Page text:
You don't have to be terribly accurate, the yeast cells will not revolt at you. I generally distribute the yeast in the pack in such a way before opening it that I can fold the pack and get about half the powder either side of the fold. Then I slice the end off and empty one half of it out. Then I reseal it with scotch tape folded over the cut end. Then you would want to store the half in the freezer preferably.

Best not to empty it all out unless you are using it all.

Looking at the amount Coopers give you., one Fermentis packet would do  3 LBKs at least that rate. So that should encourage you.

Fermentis 11g    at their suggested  rate of 50-80g/100 liters (26.4 gal),  11 g  will ferment  3.6 to 5.8 gals  - so good for 5 gal (except  some beer requiring a lot of over pitching) , definitely 2 LBKs and barely 3.

Cooper's  7g  for 6 gal --> ~ 2g per LBK

Mr Beer   5g   for 2 gal  --> 5g per LBK

 

So it does look like Coopers is pitching yeast at the low end, but then maybe Australians like fruity beers. (Any comments on that?)

 

The other thing is - if you don't know what it is supposed to taste like, you can only go by what you like. :lol:

 

Ok, I am learning something here, so please bear with me. If I proceed like you have done, but instead of half, doing a third or close, sealing the pack, in the freezer, I more then likely will be ok? Also when it is time to pitch the yeast for the second batch and the yeast is removed from the freezer, do I let it warm up to room temp or pitch it cold?

I find your comments about the smaller amount of yeast creating a fruit taste interesting, I loved New Castle Werewolf, because it had a fruit note to it, but alas, none to be found the last few years.

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@doc280 am I understanding you right that you will not be brewing the full batch at once and then splitting the wort between the 3 lbks? How are you looking to protect the Extract and booster in between brewing cycles? How are you measuring out how much to use per brew? If your intent is to split the brewing of one extract and one booster into three different brewing days I would HIGHLY recommend NOT doing that as you raise the risk infection astronomically.  Every time you open and expose any of the ingredients to the open air the probability of catching an infection increases. My recommendation is either wait until you have all 3 lbks available at the same time and do a single brew session splitting into the 3 lbks or get a 6.5 or 7 gallon fermenter and going as a single fermentation.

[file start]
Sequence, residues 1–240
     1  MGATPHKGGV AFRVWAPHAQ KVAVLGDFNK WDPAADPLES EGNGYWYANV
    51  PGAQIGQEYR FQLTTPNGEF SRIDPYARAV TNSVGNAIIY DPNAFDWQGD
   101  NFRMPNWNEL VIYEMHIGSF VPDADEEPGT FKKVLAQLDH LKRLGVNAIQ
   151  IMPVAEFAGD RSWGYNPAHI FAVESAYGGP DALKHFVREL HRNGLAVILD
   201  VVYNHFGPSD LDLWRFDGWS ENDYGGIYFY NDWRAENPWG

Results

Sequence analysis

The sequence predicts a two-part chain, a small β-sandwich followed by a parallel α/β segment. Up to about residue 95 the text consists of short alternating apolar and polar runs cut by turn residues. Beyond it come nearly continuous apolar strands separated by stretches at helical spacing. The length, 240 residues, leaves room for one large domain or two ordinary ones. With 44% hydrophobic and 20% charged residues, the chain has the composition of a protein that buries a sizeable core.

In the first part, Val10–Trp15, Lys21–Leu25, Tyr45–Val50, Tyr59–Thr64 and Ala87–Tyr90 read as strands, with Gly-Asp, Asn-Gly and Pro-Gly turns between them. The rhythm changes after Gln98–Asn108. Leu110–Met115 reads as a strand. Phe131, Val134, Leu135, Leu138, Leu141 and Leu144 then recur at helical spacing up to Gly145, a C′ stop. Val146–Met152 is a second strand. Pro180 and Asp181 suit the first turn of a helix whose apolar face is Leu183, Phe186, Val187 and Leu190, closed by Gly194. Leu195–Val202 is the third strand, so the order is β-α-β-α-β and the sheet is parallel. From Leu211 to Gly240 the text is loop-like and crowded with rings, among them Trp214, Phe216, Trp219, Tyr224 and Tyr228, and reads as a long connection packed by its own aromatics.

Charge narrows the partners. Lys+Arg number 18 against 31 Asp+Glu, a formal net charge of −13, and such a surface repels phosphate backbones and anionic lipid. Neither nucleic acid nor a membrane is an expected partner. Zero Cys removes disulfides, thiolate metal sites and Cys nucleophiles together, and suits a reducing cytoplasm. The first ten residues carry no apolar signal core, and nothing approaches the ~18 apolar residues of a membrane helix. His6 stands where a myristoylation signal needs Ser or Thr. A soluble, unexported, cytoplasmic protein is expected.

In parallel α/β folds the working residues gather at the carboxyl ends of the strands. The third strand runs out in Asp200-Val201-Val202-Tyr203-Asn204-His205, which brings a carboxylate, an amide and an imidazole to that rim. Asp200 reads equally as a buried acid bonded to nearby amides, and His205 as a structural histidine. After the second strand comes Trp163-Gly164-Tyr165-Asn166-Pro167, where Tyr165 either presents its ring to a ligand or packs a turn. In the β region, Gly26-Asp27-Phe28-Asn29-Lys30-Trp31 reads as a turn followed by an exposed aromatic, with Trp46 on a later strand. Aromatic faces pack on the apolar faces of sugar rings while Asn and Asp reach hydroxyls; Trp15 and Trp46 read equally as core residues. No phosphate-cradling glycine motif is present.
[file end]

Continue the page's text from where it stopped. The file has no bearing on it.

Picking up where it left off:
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45 minutes ago, hotrod3539 said:

@doc280 am I understanding you right that you will not be brewing the full batch at once and then splitting the wort between the 3 lbks? How are you looking to protect the Extract and booster in between brewing cycles? How are you measuring out how much to use per brew? If your intent is to split the brewing of one extract and one booster into three different brewing days I would HIGHLY recommend NOT doing that as you raise the risk infection astronomically.  Every time you open and expose any of the ingredients to the open air the probability of catching an infection increases. My recommendation is either wait until you have all 3 lbks available at the same time and do a single brew session splitting into the 3 lbks or get a 6.5 or 7 gallon fermenter and going as a single fermentation. 

Coopers, on their web sight has information on dividing the extract and the enhancer. With the recommendation of bringing the used parts to a boil before use, to kill any creatures. Only part I could not locate was the yeast part.

 

All my preparation, cold crashing and bottling occurs downstairs in the kitchen and fermenting and carbonation occurs in an upstairs closest. So larger setup will not happen. The reason for the week apart on each LBK is for the fact I have only room for one LBK in the refrigerator, for cold crash and Monday's work well with my schedule.

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10 hours ago, Shrike said:

 

I remembering seeing that in the documentary film "Airplane".

 

 

I knew I saw it somewhere....you are good to remember this scene and find it .... too funny. 

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Ok, taking into consideration all the suggestions and everything I read and the conversation I had with a Coopers representative I have decided to go forward.

 

I washed and sanitized all items used to divide the extract and brew enhancer.

 

I will be doing three batches, Dark Ale 1, Dark Ale 2 and Dark Ale 3. Dark Ale 1 will be made into wort minutes after the division, Dark Ale 2 one week later and Dark Ale 3 one week after Dark Ale 2. So each, a week apart and DA 2 and DA 3 extract will be kept in the refrigerator.

 

The Coopers extract I placed in hot water for 30 minutes. This made it very easy to just pour into the three, 2 cup size, bowls. The bowls turned out to be the perfect size, as the extract comes up to the brim leaving just enough room to seal it with the lid.

 

The brew enhancer would have been easier to divide, but mine was hard as a brick, so I had to break it apart first. Once broke up I divide it three ways in zip lock bags, by weight. Just storing these in my brew closet until needed.